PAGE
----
3. Because of some erroneous vocal training that says to keep the jaw or any of the other body parts I just mentioned perfectly still, (Run, don’t walk, from this kind of teaching)  

4. Bad habits – talking too low (constantly “hitting gravel”), trying to sing in keys that are too high or low for the current capabilities of the voice, not realizing the locking up this is causing.  

5 ways to begin changing dysfunctional vocal habits:  

1. First become aware of what you are actually doing. Watch yourself perform a song in front of a mirror. Do you see any of those actions I just listed?  

2. Record yourself talking. Do you hear tension, monotone, gravel, lack of breath? Try talking with much more animation and “life” and record it again until your body, spine, face, tongue, jaw are loose and flexible.  

3. Do corrective wall and mirror work. In front of a mirror, stand with your back against the wall… back of the head and heel against the wall. Now slowly try to loosen those areas I named on purpose – while you are watching. Notice the effects.  

4. Out of the pressure of public performance, privately practice doing things a different way. At first it may get worse before it gets better – like it would be if we were learning to walk with a different stride. Relax, relax, relax and trust the process.  

5. If you have my vocal training course, just listen over and over to the first two Cd’s to let the insights sink in.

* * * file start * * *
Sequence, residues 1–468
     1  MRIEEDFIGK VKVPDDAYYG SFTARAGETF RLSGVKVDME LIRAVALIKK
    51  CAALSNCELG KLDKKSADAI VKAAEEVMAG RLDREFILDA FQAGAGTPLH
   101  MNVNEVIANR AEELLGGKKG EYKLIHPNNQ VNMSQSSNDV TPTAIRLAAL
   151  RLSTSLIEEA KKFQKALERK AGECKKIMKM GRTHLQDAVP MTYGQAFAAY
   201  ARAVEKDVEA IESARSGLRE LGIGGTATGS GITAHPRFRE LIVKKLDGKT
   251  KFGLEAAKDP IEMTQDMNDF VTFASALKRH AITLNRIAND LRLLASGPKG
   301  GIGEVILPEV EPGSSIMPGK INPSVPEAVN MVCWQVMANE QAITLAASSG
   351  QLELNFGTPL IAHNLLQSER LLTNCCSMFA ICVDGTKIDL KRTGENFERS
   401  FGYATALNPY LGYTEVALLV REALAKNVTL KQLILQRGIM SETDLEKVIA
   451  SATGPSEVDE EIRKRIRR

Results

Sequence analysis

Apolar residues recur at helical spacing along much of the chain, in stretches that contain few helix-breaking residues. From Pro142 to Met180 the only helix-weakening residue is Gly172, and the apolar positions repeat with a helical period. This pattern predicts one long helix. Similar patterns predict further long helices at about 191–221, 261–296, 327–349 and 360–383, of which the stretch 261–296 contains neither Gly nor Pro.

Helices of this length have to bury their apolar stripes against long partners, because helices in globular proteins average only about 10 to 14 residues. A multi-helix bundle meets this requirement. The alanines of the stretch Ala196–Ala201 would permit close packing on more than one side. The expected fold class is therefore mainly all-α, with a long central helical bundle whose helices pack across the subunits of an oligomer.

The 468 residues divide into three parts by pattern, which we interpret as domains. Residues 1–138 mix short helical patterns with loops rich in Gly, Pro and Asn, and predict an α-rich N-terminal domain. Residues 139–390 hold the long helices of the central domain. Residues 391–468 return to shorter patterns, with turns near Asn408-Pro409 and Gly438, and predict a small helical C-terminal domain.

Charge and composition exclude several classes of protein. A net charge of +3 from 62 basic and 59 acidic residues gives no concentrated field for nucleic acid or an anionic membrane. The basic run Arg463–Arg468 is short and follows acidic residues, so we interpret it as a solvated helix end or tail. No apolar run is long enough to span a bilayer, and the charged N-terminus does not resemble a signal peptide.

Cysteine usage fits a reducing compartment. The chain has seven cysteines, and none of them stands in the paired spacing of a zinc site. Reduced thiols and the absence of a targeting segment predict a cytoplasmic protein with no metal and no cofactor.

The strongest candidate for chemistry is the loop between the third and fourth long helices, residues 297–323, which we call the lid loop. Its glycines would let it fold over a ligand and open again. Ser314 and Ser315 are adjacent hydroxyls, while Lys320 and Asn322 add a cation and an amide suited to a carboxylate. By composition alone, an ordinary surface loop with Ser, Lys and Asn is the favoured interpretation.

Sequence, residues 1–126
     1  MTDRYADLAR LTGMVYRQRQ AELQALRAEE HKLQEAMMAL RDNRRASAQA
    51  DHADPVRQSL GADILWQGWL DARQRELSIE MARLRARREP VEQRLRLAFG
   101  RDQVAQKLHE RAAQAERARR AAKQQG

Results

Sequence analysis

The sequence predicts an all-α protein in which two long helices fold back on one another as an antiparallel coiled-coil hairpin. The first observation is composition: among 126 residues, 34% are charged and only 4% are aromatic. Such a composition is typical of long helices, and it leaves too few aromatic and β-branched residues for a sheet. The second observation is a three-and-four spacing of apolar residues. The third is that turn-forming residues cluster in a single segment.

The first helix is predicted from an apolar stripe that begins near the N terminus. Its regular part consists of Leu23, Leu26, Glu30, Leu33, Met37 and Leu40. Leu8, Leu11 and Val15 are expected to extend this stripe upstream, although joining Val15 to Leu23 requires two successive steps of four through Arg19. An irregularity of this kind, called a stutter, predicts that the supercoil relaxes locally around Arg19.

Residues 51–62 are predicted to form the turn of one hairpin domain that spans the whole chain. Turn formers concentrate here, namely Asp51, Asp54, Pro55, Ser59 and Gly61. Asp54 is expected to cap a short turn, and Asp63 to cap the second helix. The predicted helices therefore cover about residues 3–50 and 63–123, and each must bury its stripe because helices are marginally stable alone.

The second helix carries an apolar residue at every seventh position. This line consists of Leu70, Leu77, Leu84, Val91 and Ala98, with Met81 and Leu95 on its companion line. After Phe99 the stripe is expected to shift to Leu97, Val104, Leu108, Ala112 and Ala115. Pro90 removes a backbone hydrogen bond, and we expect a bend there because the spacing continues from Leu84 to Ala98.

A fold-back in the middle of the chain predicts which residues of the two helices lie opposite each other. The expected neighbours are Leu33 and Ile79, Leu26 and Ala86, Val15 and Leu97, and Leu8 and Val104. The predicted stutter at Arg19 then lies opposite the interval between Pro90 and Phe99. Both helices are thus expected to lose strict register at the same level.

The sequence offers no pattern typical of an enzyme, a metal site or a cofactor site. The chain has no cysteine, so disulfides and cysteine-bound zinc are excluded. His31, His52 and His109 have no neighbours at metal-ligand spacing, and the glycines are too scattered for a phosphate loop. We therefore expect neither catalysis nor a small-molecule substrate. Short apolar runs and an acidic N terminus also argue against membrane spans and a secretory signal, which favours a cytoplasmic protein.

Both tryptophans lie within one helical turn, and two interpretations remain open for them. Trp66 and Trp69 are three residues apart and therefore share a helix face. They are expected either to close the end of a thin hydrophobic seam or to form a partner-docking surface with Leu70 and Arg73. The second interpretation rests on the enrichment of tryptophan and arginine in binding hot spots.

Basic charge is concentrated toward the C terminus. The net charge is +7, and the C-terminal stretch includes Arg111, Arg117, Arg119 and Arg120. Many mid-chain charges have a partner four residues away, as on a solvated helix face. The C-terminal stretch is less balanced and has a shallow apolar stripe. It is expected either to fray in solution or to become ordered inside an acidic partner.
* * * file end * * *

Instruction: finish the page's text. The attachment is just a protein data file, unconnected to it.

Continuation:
I’m going to wrap this subject up by letting you in on one of the core secrets of my teaching.  

Before I developed the vocal training concepts of Power, Path and Performance, I had the worst and most un-mendable (or so I thought) vocal break I’ve ever heard in anyone. My brilliant Nashville vocal coach Gerald Arthur helped me get my voice back after it was damaged by an endotracheal tube (I spent some time hooked to a ventilator many years ago). I still had that pesky break, though with Gerald’s help I learned to mask it well and continue on with my vocal career as a session singer, and then a recording artist. Thank you, Gerald!  

Not too long after I began teaching voice I was given a book by a student who asked me to explain it to him. The author was vocal coach Jeffrey Allen of California. In his book Mr. Allen suggested holding a mental picture of a question-mark shaped path that the voice should take. That imagery opened up a whole world for me.  

I began experimenting with what that path meant to me and how I could use it with my students. Long story short… this is what mends vocal breaks every day in my office:  

  • Use your power — your compressed breath power located in your pelvic floor — to lift you into the balcony above and behind you.